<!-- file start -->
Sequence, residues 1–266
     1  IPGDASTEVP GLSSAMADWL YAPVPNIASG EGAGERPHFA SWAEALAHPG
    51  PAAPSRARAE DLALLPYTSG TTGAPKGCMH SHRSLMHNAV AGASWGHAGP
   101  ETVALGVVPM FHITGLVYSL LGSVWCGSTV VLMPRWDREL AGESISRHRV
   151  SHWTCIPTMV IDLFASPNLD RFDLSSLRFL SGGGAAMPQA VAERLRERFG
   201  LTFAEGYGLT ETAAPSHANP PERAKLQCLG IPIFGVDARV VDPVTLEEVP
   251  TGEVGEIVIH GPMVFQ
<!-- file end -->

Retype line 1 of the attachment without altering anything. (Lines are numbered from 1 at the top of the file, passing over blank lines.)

Sequence, residues 1–266